Last Argument of Kings
The First Law: Book Three
639 pp • ISBN: 978-1-59102-690-7
- Highly Anticipated Conclusion to the Bestselling Series
- Previous two novels both in Top Five of SFFWorld's Favorite Books of 2007
- Previous novel included in SFSite's Best SF & Fantasy Books of 2007: Reader's Choice
The end is coming.
Logen Ninefingers might only have one more fight in him–but it's going to be a big one. Battle rages across the North, the king of the Northmen still stands firm, and there's only one man who can stop him. His oldest friend, and his oldest enemy: it's time for the Bloody-Nine to come home.
With too many masters and too little time, Superior Glokta is fighting a different kind of war. A secret struggle in which no one is safe, and no one can be trusted. As his days with a sword are far behind him, it's fortunate that he's deadly with his remaining weapons: blackmail, threats, and torture.
Jezal dan Luthar has decided that winning glory is too painful an undertaking and turned his back on soldiering for a simple life with the woman he loves. But love can be painful too–and glory has a nasty habit of creeping up on a man when he least expects it.
The king of the Union lies on his deathbed, the peasants revolt, and the nobles scramble to steal his crown. No one believes that the shadow of war is about to fall across the heart of the Union. Only the First of the Magi can save the world, but there are risks. There is no risk more terrible, than to break the First Law...
"The sword & sorcery trilogy that began with The Blade Itself (2007) and
"Last Argument of Kings by Joe Abercrombie was stellar. Easily one of the best concluding volumes to a trilogy I've read in years."
"In the two-years-plus since we lost David Gemmell at an intolerably early age, nothing, absolutely nothing, has so reassured me about the future of heroic fantasy as Abercrombie's sequence The First Law.… All 3 white-knucklers are now available in the U. S. from the Pyr imprint of Prometheus Books.… I'm avoiding the word trilogy in connection with The First Law not only because the term has become such a punchline in any discussion of fantasy as a publishing phenom, but also because I don't think Abercrombie wrote one. He might not have pulled a Tolkien by writing one long novel in its entirety before delivering any of it to his publisher, but that's what his story reads like: one long-and-proud-of-it novel.... The First Law might appear overlong to some readers, especially those with a pulp-trained attention span, but as a prodigy of heroic fantasy storytelling the 3 books are not nearly long enough. Saying goodbye to Inquisitor Glokta and Logen Ninefingers aches like a bereavement.... With Joe Abercrombie our favorite subgenre is in good, and formidably sword-calloused, hands."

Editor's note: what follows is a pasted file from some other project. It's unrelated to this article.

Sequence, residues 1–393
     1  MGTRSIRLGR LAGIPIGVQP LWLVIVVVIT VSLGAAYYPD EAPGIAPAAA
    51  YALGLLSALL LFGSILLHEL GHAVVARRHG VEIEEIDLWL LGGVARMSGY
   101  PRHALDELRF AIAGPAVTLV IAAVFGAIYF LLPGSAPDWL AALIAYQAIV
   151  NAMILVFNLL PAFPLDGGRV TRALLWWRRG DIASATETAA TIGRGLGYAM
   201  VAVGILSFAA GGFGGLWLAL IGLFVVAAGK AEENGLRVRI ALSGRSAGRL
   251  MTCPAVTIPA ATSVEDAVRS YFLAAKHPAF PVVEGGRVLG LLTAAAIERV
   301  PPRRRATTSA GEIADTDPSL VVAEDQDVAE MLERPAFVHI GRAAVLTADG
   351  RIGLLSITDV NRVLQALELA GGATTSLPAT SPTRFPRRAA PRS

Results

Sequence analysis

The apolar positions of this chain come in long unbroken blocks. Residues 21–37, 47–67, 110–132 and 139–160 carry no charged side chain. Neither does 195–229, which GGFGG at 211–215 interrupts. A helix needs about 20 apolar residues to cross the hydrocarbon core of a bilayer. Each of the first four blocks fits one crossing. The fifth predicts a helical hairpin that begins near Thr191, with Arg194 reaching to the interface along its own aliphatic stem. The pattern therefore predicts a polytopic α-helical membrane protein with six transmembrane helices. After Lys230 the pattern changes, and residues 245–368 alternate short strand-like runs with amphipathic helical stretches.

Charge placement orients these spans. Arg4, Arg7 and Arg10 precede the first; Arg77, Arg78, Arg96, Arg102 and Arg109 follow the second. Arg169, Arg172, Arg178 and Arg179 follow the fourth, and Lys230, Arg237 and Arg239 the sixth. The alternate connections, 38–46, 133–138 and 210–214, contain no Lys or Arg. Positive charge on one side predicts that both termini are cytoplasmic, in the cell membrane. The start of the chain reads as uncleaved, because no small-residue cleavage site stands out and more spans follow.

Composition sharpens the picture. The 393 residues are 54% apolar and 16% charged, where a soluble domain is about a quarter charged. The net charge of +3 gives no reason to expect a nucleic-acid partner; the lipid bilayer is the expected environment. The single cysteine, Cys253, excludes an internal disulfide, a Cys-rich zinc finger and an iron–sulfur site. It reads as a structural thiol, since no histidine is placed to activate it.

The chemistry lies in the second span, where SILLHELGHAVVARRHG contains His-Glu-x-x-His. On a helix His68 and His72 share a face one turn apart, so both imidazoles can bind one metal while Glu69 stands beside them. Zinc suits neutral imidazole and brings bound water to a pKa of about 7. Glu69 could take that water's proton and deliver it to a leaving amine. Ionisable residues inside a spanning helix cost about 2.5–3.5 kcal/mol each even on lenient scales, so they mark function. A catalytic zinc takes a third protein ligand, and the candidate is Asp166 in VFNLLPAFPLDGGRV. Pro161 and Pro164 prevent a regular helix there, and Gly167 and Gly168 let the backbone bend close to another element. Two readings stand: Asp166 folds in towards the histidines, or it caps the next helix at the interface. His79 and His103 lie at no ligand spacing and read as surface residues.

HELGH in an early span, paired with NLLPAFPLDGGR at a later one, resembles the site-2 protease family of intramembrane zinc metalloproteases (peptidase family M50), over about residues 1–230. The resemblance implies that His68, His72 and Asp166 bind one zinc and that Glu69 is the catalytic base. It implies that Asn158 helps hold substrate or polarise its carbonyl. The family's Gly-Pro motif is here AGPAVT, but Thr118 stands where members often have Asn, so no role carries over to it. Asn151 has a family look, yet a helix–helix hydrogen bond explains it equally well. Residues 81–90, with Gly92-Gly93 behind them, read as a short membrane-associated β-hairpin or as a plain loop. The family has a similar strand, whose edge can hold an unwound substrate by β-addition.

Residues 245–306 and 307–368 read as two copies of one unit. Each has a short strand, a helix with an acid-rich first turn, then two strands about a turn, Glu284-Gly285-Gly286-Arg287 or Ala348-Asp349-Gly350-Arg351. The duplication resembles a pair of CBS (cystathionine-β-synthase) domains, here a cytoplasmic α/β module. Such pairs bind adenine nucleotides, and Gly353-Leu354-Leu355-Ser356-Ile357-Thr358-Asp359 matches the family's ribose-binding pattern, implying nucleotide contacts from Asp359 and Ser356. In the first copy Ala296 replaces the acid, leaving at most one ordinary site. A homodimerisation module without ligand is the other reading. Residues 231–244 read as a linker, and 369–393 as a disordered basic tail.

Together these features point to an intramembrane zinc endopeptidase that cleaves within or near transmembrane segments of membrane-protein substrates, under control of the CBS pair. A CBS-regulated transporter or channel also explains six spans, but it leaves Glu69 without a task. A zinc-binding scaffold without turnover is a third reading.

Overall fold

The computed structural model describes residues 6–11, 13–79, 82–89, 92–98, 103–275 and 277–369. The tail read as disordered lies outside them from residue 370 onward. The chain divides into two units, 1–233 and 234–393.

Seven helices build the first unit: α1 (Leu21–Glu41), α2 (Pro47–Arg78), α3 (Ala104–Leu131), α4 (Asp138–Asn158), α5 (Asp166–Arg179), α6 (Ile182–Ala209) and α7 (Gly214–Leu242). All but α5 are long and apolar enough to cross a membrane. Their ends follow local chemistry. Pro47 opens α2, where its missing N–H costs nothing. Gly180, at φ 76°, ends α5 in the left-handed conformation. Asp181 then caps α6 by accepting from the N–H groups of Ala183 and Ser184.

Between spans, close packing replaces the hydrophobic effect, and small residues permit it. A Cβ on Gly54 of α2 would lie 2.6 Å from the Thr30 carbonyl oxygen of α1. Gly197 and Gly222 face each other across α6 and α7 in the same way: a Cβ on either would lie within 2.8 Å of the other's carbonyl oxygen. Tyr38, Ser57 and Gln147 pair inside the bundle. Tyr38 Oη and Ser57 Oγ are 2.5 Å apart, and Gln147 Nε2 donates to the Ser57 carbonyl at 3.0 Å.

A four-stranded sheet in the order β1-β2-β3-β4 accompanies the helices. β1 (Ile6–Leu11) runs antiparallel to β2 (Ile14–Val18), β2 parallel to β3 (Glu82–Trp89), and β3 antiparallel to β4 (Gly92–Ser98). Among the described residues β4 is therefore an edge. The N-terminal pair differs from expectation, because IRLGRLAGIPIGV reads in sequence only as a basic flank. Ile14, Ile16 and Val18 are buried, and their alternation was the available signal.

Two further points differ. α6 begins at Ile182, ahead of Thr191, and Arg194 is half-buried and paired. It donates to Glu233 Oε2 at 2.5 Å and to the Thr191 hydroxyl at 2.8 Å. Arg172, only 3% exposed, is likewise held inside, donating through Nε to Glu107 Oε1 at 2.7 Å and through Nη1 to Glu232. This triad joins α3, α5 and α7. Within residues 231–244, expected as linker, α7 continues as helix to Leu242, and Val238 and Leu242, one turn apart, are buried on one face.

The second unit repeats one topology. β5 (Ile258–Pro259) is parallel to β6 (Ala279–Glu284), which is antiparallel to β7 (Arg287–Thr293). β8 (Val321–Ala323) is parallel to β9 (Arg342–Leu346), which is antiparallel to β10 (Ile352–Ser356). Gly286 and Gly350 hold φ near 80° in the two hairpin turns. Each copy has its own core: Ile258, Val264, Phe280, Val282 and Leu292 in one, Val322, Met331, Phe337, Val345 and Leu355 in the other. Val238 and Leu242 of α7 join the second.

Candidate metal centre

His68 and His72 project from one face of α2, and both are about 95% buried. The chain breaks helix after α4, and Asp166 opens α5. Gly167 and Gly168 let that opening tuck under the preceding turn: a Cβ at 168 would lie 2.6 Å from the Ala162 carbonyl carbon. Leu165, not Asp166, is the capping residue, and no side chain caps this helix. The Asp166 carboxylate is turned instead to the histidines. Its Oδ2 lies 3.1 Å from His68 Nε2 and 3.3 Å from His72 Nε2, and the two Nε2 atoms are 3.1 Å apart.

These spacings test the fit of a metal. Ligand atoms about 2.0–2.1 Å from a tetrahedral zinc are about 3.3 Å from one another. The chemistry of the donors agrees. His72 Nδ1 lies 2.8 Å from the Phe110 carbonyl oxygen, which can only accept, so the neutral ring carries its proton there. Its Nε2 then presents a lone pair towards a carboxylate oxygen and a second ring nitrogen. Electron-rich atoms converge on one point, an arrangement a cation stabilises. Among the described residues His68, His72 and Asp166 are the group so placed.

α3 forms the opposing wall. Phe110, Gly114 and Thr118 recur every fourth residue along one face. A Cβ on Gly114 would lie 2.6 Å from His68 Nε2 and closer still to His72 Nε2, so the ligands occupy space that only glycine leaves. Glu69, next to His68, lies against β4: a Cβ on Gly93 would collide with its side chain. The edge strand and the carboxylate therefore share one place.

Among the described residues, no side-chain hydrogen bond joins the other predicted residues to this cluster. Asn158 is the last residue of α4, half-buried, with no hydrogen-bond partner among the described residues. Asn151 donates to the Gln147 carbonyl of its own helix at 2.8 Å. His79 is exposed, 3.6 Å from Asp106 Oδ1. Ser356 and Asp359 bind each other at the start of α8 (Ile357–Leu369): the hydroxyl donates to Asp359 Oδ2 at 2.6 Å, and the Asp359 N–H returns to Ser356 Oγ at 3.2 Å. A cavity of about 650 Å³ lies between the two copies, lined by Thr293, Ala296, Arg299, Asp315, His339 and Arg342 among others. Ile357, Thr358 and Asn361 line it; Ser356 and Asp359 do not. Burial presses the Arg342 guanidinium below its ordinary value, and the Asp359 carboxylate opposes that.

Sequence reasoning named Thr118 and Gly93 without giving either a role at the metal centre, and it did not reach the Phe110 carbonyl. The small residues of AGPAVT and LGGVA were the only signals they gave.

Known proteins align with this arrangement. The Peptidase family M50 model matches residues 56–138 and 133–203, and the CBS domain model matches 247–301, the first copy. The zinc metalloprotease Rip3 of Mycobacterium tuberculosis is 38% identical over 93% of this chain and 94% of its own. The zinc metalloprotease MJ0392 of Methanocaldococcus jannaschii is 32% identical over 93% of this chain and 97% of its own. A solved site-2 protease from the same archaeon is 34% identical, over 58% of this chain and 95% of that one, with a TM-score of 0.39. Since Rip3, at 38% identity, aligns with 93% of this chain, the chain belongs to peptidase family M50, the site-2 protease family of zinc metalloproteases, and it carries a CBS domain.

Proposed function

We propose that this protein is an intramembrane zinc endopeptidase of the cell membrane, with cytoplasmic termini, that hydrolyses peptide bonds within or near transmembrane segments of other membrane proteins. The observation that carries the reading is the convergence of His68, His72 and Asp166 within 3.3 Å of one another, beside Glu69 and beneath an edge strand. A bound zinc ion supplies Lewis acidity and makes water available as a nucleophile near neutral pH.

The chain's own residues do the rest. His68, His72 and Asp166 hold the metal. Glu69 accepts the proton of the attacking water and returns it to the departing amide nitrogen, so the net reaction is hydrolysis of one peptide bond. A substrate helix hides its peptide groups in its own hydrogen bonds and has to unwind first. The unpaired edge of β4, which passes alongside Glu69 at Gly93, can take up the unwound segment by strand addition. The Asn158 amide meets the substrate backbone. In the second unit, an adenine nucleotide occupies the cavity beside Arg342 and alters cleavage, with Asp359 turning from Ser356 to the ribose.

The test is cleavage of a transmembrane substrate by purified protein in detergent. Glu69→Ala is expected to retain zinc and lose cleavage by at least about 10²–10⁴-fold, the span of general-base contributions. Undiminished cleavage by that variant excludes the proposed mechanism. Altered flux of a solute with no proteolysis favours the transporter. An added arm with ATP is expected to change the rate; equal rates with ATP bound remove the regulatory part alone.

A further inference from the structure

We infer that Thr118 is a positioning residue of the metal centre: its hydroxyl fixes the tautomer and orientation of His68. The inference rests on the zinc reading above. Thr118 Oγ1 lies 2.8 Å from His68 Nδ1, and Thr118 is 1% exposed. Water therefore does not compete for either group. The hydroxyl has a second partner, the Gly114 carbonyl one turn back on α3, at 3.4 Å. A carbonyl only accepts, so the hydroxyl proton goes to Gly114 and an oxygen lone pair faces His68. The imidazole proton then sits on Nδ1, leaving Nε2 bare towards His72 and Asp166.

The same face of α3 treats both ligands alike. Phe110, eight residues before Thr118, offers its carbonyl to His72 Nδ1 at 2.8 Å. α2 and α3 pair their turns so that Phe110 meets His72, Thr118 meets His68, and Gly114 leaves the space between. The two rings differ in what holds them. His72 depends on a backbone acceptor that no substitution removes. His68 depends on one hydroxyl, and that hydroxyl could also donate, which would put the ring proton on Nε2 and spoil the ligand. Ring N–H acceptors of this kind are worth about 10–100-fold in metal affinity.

"The books are good, really good. They pulled me in. Well-developed world. Unique, compelling characters.… the third book tied up the series quite nicely.… This isn't some cookie-cutter fantasy. It's refreshingly realistic, but also very gritty and dark."
"Joe delivers his normal dose of intrigue, action and black humour but ramps it all up a gear and smacks you in the gut with some stuff that I guarantee you will not see coming. And then (while you're gasping for breath) he does it all over again, rendering some of the most powerful battles I've seen in fantasy literature almost pointless with the revelations that follow."
"You should always end with the best....Last Argument of Kings is the textbook example of this theory in practice. The third in Joe Abercrombie's debut fantasy series, The First Law, reveals everything a finale should: conveys some answers, ties together the loose ends from various plot strands, knocks over pieces painstakingly set up in the preceding stories, and in the aftermath delivers the character development that surprises as well as delights. This series was always a swords-and-sorcery sequence that rejected the overwrought Tolkienesque myth building in favour of wry dialogue and tough, interweaving plotlines. Although it's never a comedy, the author's tongue lurks inside his cheek as he re-energises the fantasy staples."
"A darkly humorous reality check on all epic fantasy….a modern, pragmatic tale, not a starry-eyed heroic adventure. Last Argument of Kings concludes the stories of Glokta, Logen, Jezal, Bayaz, Colonel West, Dogman, and others in just the way it should have been….I recommend reading this novel….Joe Abercrombie deserves the accolades he has been given, and in recognition of a singular achievement in epic fantasy, I think he deserves the all elusive ten out of ten stars."
"One of the best concluding volumes of a fantasy trilogy I've read in ages."